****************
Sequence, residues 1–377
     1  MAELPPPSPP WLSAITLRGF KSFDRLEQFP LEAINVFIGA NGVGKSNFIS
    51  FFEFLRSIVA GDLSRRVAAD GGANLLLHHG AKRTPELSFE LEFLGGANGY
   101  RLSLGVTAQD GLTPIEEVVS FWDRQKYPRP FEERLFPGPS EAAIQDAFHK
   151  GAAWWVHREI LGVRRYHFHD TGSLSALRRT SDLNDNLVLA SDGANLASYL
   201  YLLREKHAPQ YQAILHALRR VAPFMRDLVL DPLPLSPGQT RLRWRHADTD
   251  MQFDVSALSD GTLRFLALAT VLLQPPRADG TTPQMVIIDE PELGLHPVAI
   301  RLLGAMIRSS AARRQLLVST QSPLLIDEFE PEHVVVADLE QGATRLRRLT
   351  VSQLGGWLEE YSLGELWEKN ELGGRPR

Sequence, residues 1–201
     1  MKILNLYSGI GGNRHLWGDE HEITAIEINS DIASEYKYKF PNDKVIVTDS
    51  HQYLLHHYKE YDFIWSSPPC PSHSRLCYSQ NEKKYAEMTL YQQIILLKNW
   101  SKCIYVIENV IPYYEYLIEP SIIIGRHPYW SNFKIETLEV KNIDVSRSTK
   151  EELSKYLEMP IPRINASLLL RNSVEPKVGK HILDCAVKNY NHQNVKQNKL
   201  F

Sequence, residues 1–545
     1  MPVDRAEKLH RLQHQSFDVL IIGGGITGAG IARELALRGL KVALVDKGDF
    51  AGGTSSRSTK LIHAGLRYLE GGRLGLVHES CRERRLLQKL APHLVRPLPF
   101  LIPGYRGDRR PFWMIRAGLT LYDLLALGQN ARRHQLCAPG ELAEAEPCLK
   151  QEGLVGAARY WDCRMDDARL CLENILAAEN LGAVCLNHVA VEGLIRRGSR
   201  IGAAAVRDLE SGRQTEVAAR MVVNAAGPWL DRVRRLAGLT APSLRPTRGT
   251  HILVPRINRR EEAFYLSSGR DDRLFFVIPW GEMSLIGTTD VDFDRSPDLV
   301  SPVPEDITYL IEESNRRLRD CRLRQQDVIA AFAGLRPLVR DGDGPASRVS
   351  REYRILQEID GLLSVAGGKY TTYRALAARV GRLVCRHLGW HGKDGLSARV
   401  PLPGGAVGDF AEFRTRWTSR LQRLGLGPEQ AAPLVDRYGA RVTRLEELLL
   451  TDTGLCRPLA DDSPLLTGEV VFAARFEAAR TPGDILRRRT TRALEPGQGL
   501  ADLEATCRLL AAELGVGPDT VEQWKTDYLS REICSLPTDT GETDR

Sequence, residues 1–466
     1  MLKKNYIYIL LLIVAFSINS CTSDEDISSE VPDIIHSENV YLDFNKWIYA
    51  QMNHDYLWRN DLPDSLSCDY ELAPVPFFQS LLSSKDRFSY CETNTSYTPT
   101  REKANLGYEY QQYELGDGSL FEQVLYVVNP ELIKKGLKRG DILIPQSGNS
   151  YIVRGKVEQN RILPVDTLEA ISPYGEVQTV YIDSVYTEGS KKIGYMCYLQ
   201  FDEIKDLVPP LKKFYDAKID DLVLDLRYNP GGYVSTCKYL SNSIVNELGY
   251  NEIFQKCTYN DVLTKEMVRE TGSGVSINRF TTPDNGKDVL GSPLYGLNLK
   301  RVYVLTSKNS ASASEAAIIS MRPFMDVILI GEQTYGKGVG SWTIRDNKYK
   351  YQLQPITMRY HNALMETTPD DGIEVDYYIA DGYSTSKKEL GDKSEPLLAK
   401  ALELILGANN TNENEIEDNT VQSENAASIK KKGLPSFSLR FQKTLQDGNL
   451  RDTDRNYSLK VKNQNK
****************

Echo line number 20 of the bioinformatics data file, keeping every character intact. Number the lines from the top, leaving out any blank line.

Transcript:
   151  QEGLVGAARY WDCRMDDARL CLENILAAEN LGAVCLNHVA VEGLIRRGSR